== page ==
**Chapter 12 Notes**

**Overview**

- Compute an unadjusted rate of return
- Understand how to use a present-value table
- Compute an internal rate of return
- Understand the payback period theory

**The Time Value of Money**

These computations are used to evaluate the use of money. This will provide a guide to assist the manager in evaluating the different alternatives regarding the resources an organization has on how money should be spent.

**Unadjusted Rate of Return**

This is an unsophisticated method used to determine the return on investment. There are two ways to calculate the unadjusted rate of return.

**1.** **Average Annual Net Income / Original Investment Amount = Rate of Return**

**OR**

**2.** **Average Annual Net Income / Average Investment Amount = Rate of Return**

Given these assumptions:

Average Annual Net Income = $ 200,000

Original Investment amount = $ 600,000

Unrecovered asset cost at the end of the useful life = $ 50,000

An example using the original investment amount, number 1 above:

If the average annual net income is $ 200,000 and the original investment amount is $ 600,000, then

**$200,000 / $600,000 = 33% Unadjusted rate of return**

An example using the average investment amount, number 2 above:

If the average annual net income is $ 200,000, the unrecovered asset cost at the end of the useful life is $ 50,000 and the original investment amount is $600,000, then:

Step 1 – Compute the average investment amount for the unrecovered asset cost.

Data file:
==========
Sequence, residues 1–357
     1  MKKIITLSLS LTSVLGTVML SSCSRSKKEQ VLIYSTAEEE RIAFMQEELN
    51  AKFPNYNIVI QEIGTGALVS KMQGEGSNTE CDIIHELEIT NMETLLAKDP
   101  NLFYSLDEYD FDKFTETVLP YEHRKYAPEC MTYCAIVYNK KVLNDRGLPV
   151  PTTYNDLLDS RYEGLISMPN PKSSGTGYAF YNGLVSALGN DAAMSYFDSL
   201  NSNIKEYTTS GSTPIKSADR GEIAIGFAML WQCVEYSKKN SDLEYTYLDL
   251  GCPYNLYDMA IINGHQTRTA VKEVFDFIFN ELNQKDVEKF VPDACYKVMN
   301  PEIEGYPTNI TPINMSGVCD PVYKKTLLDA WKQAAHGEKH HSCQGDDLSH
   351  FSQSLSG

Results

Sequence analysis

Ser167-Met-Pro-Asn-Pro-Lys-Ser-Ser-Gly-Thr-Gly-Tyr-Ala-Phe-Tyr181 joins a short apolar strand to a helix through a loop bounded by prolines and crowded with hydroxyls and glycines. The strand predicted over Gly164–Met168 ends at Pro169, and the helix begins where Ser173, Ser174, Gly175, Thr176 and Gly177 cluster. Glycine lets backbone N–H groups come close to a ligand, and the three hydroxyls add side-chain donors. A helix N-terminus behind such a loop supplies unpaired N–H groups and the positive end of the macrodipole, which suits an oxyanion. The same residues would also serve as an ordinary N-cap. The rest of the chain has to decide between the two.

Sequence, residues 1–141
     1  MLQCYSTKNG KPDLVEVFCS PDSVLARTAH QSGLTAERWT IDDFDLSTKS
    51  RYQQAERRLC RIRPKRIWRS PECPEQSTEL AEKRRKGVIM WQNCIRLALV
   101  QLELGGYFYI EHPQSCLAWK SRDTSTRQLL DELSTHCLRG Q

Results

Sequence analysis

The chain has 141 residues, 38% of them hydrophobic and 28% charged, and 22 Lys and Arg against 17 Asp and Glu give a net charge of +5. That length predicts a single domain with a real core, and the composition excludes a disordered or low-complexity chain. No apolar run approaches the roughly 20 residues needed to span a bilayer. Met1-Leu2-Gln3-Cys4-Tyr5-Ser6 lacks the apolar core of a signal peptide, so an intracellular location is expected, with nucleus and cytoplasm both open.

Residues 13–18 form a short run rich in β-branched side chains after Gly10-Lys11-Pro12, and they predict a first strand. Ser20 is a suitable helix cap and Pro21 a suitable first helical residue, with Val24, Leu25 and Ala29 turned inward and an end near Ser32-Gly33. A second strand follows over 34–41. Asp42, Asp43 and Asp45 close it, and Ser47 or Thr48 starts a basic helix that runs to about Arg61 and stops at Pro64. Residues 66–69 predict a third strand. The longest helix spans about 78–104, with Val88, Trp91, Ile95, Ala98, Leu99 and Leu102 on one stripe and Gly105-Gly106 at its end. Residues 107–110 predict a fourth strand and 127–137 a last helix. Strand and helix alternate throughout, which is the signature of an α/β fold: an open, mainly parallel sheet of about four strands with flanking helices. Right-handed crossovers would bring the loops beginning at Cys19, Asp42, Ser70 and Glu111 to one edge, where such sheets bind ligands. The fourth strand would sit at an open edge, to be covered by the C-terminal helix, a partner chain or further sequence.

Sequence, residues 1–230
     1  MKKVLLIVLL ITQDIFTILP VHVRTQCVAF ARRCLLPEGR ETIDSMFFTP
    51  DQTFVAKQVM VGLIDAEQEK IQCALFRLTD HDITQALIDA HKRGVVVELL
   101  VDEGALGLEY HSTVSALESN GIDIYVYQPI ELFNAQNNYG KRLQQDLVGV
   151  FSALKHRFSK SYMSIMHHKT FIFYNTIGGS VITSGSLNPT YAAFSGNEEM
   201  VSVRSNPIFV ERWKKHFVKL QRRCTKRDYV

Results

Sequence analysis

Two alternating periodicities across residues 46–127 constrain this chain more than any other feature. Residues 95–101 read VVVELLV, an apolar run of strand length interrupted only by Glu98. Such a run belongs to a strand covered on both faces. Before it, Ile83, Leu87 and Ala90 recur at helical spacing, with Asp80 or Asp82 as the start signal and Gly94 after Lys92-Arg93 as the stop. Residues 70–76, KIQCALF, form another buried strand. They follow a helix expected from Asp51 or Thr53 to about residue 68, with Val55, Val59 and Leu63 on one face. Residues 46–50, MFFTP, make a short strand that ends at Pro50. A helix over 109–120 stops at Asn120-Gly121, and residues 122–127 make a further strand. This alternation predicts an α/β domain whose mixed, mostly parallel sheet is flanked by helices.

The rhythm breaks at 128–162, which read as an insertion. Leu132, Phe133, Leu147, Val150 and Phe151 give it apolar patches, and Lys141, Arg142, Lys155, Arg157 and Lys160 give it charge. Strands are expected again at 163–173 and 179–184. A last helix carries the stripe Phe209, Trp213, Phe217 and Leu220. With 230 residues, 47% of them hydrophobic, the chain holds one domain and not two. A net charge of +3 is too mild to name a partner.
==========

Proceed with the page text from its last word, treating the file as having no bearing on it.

At the Beginning of estimated useful life = $600,000

At end of useful life = $ 50,000

Sum $650,000

Divided by 2 = $325,000 = average investment amount

$200,000 / $325,000 = 61.53% Unadjusted rate of return

**Present Value Analysis**

The concept of present value analysis is based on the time value of money. The value of a dollar today is more than the value in a future period. The further in the future you look, the less that dollar will be worth.

Using examples in Appendix 12 – A in the textbook.

**Internal Rate of Return – IRR**

This is another return on investment method. It uses a discounted cash flow technique. The IRR is the rate of interest that discounts future net inflows from the proposed investment down to the amount invested. This method is similar to the previous methods but adds the concept of time to the calculation. The IRR calculates from period to period, whereas the other two methods rely on average investments.

To calculate IRR:

Assumptions:

- Find the initial cost of the investment
- Find the estimated annual net cash inflow the investment will generate
- Find the useful life of the asset

Steps:

- Divide the initial cost of the investment by the estimated annual net cash inflow it will generate. The answer is a ratio.
- Use the Look Up Table. Find the number of periods.
- Look across the line for the number of periods and find the column that approximates the ratio computed in Step 1.

Initial cost of the investment = $16,950

Estimated Annual net cash inflow the investment will generate = $3,000

Useful life of the asset – 10 years

$16,950 / $3,000 = 5.650

Using the Look Up Table for Present Value of Annuities on Page 404, match the # of years along left column with where 5.650 intersects, see the interest percentage.

**Payback Period**

The Payback Period is the length of time required for cash coming in from an investment to equal the amount of cash originally spent when the investment was purchased.

The Payback Period concept is used in evaluating whether to invest in plant and/or equipment. We must establish if it’s worth spending the money and to do that, you need to determine a best case and worst case scenario as the calculation is based on assumptions of some type of return.

Please see the Excel spreadsheet with a detailed explanation of the calculation of the payback period.